Minister for Justice to ‘consider’ competition watchdog phone-tap request
White-collar crime investigations should have communications access, watchdog says
CCPC chairwoman Isolde Goggin said the secretive nature of some criminal acts investigated by it suggest its investigations would be bolstered by additional surveillance powers. Photograph: Eric Luke
Minister for Justice Charlie Flanagan will consider a request from the Competition and Consumer Protection Commission (CCPC) to be allowed tap phones in an effort to combat white-collar crime.
CCPC chairwoman Isolde Goggin last week said she was of the view that all State agencies investigating white-collar crime should have powers to mount electronic surveillance and intercept communications.
At present, An Garda Síochána is the only State organisation allowed to intercept communications for investigations.
“The Minister will carefully consider any submissions he receives on this issue,” a spokesman for the Department of Justice told The Irish Times.
“The interception of private communications is a significant intrusion on fundamental rights and for that reason the provisions in Irish law in this regard are restrictive. Interception is available for the investigation of serious crime and for security purposes, subject to strict conditions set out in law. Any proposals to extend these arrangements would have to be viewed in that light,” he said.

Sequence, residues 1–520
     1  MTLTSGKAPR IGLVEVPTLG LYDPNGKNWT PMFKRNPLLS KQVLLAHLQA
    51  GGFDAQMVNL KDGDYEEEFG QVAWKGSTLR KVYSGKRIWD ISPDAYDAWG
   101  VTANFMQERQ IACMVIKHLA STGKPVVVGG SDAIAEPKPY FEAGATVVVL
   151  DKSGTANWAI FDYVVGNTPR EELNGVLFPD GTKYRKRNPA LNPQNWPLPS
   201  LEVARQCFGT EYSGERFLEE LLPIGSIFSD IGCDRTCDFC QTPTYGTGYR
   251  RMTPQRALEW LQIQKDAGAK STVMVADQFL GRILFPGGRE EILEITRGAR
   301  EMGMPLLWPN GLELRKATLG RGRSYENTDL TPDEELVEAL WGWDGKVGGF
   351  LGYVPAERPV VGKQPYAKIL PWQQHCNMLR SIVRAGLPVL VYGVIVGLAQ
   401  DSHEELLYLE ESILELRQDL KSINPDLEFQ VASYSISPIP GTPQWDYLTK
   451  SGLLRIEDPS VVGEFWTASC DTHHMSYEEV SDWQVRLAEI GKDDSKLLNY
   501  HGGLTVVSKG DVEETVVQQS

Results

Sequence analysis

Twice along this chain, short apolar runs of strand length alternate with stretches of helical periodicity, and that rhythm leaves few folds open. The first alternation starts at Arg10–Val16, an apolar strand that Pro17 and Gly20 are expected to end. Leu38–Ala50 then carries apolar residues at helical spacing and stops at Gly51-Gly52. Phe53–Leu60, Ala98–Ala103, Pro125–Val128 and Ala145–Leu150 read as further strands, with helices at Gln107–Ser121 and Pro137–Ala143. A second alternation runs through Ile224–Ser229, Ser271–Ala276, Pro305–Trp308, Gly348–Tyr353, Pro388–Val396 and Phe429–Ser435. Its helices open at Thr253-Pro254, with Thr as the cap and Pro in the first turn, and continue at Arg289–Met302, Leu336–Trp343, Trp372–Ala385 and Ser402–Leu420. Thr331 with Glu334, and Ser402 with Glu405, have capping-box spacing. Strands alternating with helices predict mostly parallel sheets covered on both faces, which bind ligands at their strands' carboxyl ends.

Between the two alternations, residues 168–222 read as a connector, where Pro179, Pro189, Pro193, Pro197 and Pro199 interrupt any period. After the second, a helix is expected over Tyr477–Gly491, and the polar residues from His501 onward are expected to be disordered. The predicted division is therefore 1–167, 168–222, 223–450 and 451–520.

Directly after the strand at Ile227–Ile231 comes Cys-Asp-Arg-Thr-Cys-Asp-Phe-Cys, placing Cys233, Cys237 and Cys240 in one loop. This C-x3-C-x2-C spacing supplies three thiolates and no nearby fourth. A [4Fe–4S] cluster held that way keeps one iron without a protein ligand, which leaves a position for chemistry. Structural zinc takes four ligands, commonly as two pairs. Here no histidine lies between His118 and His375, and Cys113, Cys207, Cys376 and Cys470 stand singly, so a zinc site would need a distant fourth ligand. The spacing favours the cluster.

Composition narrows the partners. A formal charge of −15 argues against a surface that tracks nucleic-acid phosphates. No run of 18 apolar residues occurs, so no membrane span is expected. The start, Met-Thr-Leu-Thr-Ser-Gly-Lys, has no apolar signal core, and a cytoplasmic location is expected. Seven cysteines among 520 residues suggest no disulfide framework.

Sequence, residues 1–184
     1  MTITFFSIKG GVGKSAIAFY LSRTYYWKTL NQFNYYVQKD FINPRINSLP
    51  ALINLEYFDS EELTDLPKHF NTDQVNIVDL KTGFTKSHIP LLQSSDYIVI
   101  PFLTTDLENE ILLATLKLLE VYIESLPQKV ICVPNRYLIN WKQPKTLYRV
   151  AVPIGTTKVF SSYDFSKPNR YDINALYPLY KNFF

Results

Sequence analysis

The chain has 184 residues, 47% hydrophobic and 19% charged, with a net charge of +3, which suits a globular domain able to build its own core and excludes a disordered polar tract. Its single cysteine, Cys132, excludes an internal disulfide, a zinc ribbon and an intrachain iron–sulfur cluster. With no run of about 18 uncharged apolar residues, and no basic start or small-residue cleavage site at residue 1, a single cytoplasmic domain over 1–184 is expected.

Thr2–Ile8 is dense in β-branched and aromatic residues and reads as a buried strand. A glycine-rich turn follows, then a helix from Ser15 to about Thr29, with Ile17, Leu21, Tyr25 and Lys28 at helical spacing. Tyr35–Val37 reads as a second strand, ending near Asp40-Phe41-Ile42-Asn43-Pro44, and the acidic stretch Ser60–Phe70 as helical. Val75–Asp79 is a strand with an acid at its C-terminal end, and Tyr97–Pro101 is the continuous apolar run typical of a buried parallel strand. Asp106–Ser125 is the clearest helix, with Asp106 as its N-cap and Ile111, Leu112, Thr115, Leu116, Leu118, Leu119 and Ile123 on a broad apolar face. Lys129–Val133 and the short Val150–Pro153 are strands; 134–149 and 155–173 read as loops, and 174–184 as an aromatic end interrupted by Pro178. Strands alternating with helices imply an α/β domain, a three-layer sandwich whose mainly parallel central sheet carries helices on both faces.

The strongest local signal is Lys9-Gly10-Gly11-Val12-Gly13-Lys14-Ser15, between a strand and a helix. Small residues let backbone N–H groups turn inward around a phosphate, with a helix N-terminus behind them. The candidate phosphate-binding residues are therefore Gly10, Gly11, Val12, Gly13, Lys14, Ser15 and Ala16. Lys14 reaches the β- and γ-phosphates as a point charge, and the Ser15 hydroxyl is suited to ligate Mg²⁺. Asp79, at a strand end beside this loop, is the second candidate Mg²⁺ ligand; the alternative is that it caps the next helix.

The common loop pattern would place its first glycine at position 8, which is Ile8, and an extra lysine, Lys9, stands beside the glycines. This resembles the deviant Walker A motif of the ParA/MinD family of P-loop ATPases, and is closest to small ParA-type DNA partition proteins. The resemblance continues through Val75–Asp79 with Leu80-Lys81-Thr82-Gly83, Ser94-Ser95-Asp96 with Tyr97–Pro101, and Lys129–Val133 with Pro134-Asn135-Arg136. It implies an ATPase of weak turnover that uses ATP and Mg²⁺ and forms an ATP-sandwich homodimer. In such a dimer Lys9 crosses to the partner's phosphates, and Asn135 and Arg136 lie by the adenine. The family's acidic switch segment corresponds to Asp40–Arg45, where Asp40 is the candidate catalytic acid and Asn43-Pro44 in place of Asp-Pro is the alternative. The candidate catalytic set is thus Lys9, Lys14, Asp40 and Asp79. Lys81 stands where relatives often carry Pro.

The spokesman said the law in this area was under review, “with a view to modernising the framework in place”.
A report issued in October by former chief justice John Murray found that current data-retention legislation amounts to mass surveillance of the State’s population.
Digital Rights Ireland chairman TJ McIntyre said: “The situation is that any changes to the interception regime at the moment must involve root-and-branch reform”.
He noted that the “writing is on the wall for the interception regime as it stands”, adding that it did not comply with the European Convention on Human Rights.
While the current regime, under which the Minister allows for interception, could be extended to the CCPC, it’s unclear why there is an urgency for change if investigations are done in an interagency capacity, including in the case of Garda involvement, Mr McIntyre said.
Ms Goggin said the secretive nature of some criminal acts investigated by the CCPC, such as economic cartels, suggest that its investigations would be bolstered by additional surveillance powers.
“The GNEC [Garda National Economic Crime Bureau] has the power. It is important that all white-collar crime agencies have the same suite of powers. We haven’t made a formal request for them yet [but] we will be making a request,” she said last week.